The Organization of Agriculture, Sheep Farming, Economy and Society of Central-Southern Mesopotamia during the First Dynasty of Babylonia (XIX-XVI cent. BC)


This project addresses the conditions of agriculture, sheep farming, economy, finance, labour and society under the First Dynasty of Babylonia, i.e. at the time of one of the most renowned king of the Ancient Near East- Hammurabi. The research will start form extant editions of texts, some of which carried out by the applicant herself, namely contracts, lists and receipts. This corpus of evidence will be widened through the study of unpublished material, a huge part of which is kept at the British Museum, London. The applicant has spent several months at the BM for previous research activities which resulted in the publication of several articles and volumes (see below).

The texts which will be taken into account--about a hundred bullae referring to sheep farming plus about sixty more bullae related to various administrative issues--cover the period from Samu-abum (1894-1881 BC) to Samsu-ditana (1625-1595 BC), i.e. from the first king of Babylon, an ancestor of Hammurabi, to the fall of the city at the hands of the Hittites (1595 BC). Evidence consists of contracts for the hiring of daily workers, the loan of silver or barley to be paid off at harvesting time, receipts of duties carried out by different types of workers and craftsmen, receipts of goods and tools related to farming, rent for animals and hiring of shepherds. The main focus of the project will be in fact on the organization of farming, namely on the criteria for the assignation of fields and flocks in the Old Babylonian period. The extant evidence does not allow us to ascertain whether the keepers of those goods worked for the central administration or the private contractors whom the king and the temples entrusted with their own fields and flocks. In either case, these keepers were expected to find and hire the workers they needed, for instance harvesters, who were hired on a seasonal basis, or other kinds of workers whose contracts were annual.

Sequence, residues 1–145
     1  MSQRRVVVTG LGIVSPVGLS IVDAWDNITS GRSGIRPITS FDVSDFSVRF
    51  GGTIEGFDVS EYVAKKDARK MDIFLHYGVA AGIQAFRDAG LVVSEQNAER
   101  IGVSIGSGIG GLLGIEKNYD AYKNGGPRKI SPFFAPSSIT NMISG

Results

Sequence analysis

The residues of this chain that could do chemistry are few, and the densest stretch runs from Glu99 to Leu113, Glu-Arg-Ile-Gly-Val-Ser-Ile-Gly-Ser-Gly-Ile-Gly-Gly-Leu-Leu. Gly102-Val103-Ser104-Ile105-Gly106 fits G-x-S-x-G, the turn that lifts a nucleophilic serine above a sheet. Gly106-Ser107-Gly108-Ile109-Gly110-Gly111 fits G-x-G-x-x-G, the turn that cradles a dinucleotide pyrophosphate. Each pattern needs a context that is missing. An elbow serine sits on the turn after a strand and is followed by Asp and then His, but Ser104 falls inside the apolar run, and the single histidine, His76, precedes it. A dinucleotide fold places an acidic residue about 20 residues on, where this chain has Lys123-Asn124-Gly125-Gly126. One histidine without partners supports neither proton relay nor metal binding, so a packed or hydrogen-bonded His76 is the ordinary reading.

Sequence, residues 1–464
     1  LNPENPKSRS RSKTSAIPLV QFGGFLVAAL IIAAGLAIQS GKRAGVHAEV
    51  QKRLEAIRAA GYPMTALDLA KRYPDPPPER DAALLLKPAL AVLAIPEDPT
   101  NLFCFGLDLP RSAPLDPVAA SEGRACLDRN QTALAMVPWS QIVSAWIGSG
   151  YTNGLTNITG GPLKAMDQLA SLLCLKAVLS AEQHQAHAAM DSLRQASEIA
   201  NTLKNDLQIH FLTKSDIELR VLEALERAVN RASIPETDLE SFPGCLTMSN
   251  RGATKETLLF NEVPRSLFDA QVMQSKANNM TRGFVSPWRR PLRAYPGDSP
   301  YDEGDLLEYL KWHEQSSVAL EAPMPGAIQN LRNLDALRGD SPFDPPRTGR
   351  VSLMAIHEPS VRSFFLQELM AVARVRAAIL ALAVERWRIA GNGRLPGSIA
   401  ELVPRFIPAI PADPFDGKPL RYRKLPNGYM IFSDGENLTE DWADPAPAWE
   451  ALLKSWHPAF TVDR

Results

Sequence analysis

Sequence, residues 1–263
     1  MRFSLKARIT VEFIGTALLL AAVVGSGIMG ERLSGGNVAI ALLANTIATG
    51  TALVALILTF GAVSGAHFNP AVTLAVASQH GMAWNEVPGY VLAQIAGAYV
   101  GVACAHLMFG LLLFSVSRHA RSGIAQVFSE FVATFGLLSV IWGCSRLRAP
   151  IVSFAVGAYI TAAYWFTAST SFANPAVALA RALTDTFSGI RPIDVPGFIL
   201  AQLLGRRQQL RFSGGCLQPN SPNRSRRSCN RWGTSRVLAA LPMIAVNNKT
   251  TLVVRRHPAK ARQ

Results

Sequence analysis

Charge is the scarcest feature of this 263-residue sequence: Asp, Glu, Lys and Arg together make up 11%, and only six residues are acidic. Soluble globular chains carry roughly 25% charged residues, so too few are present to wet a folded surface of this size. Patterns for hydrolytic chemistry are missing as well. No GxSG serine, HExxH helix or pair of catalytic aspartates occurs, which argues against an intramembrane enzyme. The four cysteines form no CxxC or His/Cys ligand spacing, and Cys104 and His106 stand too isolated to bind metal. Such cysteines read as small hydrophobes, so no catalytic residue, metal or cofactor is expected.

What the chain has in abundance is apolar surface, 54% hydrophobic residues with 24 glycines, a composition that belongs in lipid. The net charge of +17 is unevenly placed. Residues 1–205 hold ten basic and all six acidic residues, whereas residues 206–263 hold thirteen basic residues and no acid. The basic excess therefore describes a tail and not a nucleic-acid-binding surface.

The same can be said of cattle. Oxen, sheep and goats would belong either to the Palace, the temple or individuals; however, they were managed by annually hired shepherds, who often farmed out their job to subordinate workers and paid an annual fee in silver or cattle to the Palace.

The administrative texts which have been studied so far provide do not allow us to ascertain whether these shepherds were servants of the palace or freelance contractors; these areas of uncertainty could be significantly reduced, the applicant believes, through a thorough examination of the vast corpus of unpublished evidence kept at the British Museum, especially because the inquiry carried out so far has shown that the bookkeeping at the Palace was extremely accurate. Accordingly, the applicant intends to examine as many unpublished BM texts as possible and categorize their contents and features; the whole material will be published in a comprehensive volume containing the texts' autographies.

2015 - 2017

Annunziata Rositani

Responsabile per il Dipartimento
Cecilia Martini (inizialmente attribuito a Gian-Battista Lanfranchi, a riposo dall'01/10/2015)